Experimental Treatment and Muscular Dystrophy Cambridge MA

Injecting a therapeutic molecule into muscle appears to jump-start the production of a crucial protein that's missing in patients with Duchenne muscular dystrophy, British researchers report. The treatment so far is only applicable to about 13 percent of people with the debilitating and ultimately fatal disease, but scientists are hopeful that similar molecules might expand the treatment to a wider range of patients.

Harvard Square Eyecare- Porter Square
(857) 588-0477
18 White Street
Cambridge, MA

Data Provided by:
Harvard Square Eyecare
(857) 588-0490
19 Dunster Street
Cambridge, MA

Data Provided by:
George Mandler CNS DiplOM LDN LicAc
(617) 913-5970
21 Belmont St
Cambridge, MA
Business
Nourishing Balance
Specialties
Acupuncture, Clinical Nutrition, in-depth individualized nutritional assessment, Japanese Kiiko style acupuncture, moxabustion, cupping, TuiNa, Shiatsu
Insurance
Insurance Plans Accepted: Aetna, Blue Cross Blue Shield
Workmens Comp Accepted: Yes
Accepts Uninsured Patients: Yes

Doctor Information
Medical School: New England School of Acupuncture, 2006
Additional Information
Member Organizations: American Association of Oriental Medicine American Dietetic Association Oriental Medicine Association of Massachusetts American College of Nutrition


Data Provided by:
Boston Cat Hospital
(617) 266-7877
665 Beacon St
Boston, MA

Data Provided by:
Recreation Chiropractic
(617) 678-7888
224 Clarendon Street Suite 32
Boston, MA

Data Provided by:
Korb & Associates
(857) 288-5905
400 Commonwealth Ave # 2
Boston, MA

Data Provided by:
Patrick Doody D.C.
(617) 441-0101
15 Story Street
Cambridge, MA
Business
Harvard Square Chiropractic
Specialties
Chiropractic, massage therapy, acupuncture
Insurance
Medicare Accepted: Yes
Workmens Comp Accepted: Yes
Accepts Uninsured Patients: Yes
Emergency Care: Yes

Doctor Information
Medical School: New York Chiropractic College, 2002
Additional Information
Member Organizations: American Chiropractic Association, Massachusetts Chiropractic Society, Harvard Square Business Association


Data Provided by:
Ida Gorenburg, MD
(617) 661-5100
1611 Cambridge St
Cambridge, MA
Business
Harvard Vanguard Medical Associates Internal
Specialties
Internal Medicine

Data Provided by:
Boston Copley Square Chiropractic - Boston
(617) 206-9933
304 Columbus Ave
Boston, MA

Data Provided by:
Arthur L Day, MD
(617) 732-6810
45 Francis St
Boston, MA
Business
Brigham & Women's Hospital Neurosurgery
Specialties
Neurology

Data Provided by:
Data Provided by:

Experimental Treatment and Muscular Dystrophy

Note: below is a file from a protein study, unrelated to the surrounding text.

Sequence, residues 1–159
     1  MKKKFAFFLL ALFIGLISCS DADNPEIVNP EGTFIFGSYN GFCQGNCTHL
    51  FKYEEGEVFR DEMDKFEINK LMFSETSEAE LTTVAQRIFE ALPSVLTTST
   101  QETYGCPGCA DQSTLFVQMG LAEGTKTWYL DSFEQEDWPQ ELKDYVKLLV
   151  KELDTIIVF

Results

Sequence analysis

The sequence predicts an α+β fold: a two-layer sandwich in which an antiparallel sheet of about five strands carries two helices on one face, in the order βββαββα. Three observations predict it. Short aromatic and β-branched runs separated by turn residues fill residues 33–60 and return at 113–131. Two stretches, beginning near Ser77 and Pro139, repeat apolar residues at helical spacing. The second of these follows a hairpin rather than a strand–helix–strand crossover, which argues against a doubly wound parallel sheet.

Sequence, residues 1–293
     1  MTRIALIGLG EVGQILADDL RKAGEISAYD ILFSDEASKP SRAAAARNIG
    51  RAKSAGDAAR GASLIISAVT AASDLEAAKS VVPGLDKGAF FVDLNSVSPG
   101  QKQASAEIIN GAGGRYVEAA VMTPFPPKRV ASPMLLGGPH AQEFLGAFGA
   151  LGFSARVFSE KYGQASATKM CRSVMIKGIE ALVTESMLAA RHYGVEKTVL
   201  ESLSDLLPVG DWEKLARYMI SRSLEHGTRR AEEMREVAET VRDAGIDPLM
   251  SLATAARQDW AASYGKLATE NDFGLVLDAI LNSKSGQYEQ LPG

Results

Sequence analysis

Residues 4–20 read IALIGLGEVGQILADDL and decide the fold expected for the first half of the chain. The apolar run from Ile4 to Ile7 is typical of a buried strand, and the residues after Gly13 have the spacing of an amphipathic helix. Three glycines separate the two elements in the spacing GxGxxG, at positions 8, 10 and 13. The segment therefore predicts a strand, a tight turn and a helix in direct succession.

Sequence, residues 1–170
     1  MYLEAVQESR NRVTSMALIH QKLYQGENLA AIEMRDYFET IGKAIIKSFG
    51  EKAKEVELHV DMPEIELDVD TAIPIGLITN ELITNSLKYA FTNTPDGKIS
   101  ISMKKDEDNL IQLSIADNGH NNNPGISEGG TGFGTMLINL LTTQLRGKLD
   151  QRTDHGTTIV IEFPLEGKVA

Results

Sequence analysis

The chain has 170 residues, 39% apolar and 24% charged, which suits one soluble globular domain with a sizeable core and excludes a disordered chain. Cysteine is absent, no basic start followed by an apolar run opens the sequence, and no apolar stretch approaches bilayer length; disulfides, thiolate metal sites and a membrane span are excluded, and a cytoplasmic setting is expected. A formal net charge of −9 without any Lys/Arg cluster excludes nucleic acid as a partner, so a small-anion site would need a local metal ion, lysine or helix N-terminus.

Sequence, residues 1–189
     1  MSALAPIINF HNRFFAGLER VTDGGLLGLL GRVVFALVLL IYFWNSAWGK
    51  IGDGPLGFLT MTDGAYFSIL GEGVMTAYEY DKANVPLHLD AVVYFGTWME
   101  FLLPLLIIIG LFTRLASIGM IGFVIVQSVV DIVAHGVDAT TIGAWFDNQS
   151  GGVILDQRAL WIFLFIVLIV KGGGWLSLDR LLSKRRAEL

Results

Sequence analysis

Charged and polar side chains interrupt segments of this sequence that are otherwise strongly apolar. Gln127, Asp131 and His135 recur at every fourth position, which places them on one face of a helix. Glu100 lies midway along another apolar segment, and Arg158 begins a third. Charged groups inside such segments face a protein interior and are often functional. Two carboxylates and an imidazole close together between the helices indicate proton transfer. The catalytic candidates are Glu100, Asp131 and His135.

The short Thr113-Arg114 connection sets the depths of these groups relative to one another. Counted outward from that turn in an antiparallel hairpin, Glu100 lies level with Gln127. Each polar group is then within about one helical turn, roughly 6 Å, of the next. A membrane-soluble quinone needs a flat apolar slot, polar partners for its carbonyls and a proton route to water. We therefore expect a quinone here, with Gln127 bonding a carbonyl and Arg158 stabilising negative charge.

Provided By:

TUESDAY, Aug. 25 (HealthDay News) -- Injecting a therapeutic molecule into muscle appears to jump-start the production of a crucial protein that's missing in patients with Duchenne muscular dystrophy, British researchers report.

The treatment so far is only applicable to about 13 percent of people with the debilitating and ultimately fatal disease, but scientists are hopeful that similar molecules might expand the treatment to a wider range of patients.

Duchenne muscular dystrophy affects about one in 3,500 males, and involves a progressive wasting of muscle due to a genetic inability to produce the protein dystrophin, a key component of muscle structure. No treatments are available for the illness, and most of those affected die by age 30.

Recently, molecules called antisense oligonucleotides have shown some promise. These molecules work by "skipping over" portions of the defective gene that would otherwise block dystrophin production.

In their study, published online Aug. 25 in The Lancet Neurology, researchers at the University College London Institute of Child Health selected seven patients for whom a particular oligonucleotide molecule, called AVI-4658, appeared suitable. In these patients, the molecule "skipped" exon 51 -- the portion of the dystrophin-blocking gene that appeared to get in the way of effective dystrophin production.

Injecting the molecule into the muscles of these seven patients resulted in increased dystrophin production in all treated muscles, according to a journal news release. "Intramuscular AVI-4658 was safe and induced the expression of dystrophin locally within treated muscles," the team wrote. "On the basis of these observations, we have initiated a dose-ranging study to assess the safety and efficacy of repeated doses of systemic intravenous AVI-4658."

In a commentary, Annemieke Aartsma-Rus and Gert-Jan van Ommen, from Leiden, the Netherlands, noted that while only about 13 percent of Duchenne muscular dystrophy patients can be expected to be helped by AVI-4658, molecules that skip other exons on the gene could be used, potentially spreading the benefit to more than 70 percent of patients.

More information

Find out more about Duchenne muscular dystrophy at the Muscular Dystrophy Association.

SOURCE: The Lancet Neurology, news release, Aug. 25, 2009

Copyright © 2009 ScoutNews, LLC. All rights reserved.

Read Article at HealthDay.com